Sixty-fifth General Assembly
37th Meeting (AM)
Secretariat officials today laid out their financing proposals for the 2011/12 period for four peacekeeping operations — the United Nations Stabilization Mission in Haiti (MINUSTAH), United Nations Mission in the Sudan (UNMIS), the African Union-United Nations Hybrid Operation in Darfur (UNAMID) and support for African Union Mission in Somalia (AMISOM) — to the Fifth Committee (Administrative and Budgetary) today at its second resumed session.
Several delegates expressed their support for MINUSTAH and the need to ensure it had adequate resources to carry out its mandate of maintaining political stability and establish the rule of law nearly 18 months after the January 2010 earthquake had devastated the Caribbean country and a day before a new President, Michel Martelly, assumed office.
Chile, speaking on behalf of the Rio Group, said it was opposed to any arbitrary reduction in the resources allotted to MINUSTAH and the United Nations had to focus on security, as that contributed to the country’s social and economic development. Canada’s delegate, speaking also on behalf of Australia and New Zealand, emphasized that any decision to decrease mandated troops and police forces should be made cautiously and any withdrawal should be staggered in consultation with the Haitian Government.
Haiti’s delegate thanked the United Nations for its support of the electoral process, but remained worried about unfilled administrative posts in the Mission. Haiti backed the Secretary-General’s proposal to maintain funding for projects that combated violence in communities.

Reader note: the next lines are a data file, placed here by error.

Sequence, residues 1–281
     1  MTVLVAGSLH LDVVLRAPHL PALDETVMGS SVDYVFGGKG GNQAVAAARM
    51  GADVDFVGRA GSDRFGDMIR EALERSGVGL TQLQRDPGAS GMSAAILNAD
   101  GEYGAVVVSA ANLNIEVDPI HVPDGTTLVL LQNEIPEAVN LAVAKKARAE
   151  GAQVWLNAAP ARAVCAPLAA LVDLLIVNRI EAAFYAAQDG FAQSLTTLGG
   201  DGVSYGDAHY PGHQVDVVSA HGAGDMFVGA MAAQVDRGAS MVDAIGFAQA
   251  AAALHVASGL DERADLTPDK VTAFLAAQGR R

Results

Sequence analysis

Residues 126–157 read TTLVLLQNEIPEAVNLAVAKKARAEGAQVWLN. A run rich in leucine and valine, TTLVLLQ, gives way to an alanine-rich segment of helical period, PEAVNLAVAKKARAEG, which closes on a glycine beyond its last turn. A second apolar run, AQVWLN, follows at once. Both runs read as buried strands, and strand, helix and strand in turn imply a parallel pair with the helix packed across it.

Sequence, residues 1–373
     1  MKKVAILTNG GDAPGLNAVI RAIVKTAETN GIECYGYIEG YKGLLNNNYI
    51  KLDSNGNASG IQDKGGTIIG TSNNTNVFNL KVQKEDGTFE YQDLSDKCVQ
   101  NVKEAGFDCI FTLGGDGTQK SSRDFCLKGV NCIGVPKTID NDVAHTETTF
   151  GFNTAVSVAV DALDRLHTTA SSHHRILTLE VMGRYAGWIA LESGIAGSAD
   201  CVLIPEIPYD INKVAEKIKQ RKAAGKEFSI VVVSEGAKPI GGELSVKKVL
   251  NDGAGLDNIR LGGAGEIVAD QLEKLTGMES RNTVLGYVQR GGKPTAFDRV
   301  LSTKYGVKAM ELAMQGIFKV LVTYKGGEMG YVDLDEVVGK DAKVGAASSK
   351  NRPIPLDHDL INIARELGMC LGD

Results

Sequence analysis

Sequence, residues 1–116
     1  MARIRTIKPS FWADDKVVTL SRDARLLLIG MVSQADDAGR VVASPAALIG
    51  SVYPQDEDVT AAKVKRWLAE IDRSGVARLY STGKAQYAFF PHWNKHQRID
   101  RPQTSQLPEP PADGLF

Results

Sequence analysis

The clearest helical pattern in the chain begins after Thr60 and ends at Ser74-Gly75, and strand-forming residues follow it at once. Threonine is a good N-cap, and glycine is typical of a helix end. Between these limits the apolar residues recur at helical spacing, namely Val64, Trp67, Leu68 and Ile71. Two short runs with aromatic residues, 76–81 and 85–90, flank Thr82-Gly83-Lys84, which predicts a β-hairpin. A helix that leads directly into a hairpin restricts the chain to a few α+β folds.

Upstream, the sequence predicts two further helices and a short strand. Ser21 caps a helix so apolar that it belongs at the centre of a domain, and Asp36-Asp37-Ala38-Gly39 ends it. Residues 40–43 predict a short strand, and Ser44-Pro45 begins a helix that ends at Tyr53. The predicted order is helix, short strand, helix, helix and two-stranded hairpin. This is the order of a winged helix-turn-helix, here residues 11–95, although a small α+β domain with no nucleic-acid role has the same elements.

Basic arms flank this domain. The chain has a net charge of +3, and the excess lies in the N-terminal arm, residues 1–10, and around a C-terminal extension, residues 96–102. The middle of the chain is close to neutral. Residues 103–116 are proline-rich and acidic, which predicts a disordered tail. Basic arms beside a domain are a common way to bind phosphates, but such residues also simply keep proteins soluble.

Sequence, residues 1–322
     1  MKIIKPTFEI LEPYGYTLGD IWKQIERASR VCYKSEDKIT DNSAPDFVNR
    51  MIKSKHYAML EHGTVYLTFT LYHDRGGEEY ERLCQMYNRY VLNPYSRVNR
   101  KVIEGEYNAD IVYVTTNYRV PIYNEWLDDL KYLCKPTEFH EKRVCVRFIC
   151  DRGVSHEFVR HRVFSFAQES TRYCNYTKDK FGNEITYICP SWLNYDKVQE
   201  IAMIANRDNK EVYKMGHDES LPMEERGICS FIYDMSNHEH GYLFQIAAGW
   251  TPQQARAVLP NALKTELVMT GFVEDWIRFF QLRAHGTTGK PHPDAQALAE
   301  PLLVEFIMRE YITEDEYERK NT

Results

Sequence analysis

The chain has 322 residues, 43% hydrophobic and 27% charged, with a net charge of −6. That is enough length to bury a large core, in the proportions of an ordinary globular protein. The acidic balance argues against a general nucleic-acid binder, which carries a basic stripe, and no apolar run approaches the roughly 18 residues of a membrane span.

The Chair of the Advisory Committee on Administrative and Budgetary Questions (ACABQ) introduced the related ACABQ reports on the four peacekeeping missions. The Advisory Committee, in its report on financing of MINUSTAH, was recommending a $17 million reduction in the proposed 2011/12 budget of $810.3 million.
Jun Yamazaki, Assistant Secretary-General and Controller, introduced the Secretary-General’s reports that detailed budget numbers for the four peacekeeping missions. He said the proposed 2011/12 budget for MINUSTAH of $810.3 million represented a decline of $43.5 million, or 5.1 per cent, over 2010/11. The main factors behind the decreased budget were the use of a higher delayed deployment factor for military contingents and formed police personnel, and excluding provisions of support for the Office of the Special Envoy.
Carman Lapointe, Under-Secretary-General for Internal Oversight Services, introduced her Office’s programme evaluation of the performance and achievement of results made by UNMIS. She said the national elections had exposed weaknesses in the Mission’s cooperation with the United Nations country team. It was imperative that the successor mission to UNMIS initiate a more effective partnership with the United Nations country team and other relevant stakeholders.
Also speaking today were representatives of Argentina, Colombia, Brazil, Norway and Barbados.
The Fifth Committee will reconvene at 10 a.m. Thursday, 19 May, to discuss improving the financial situation of the United Nations.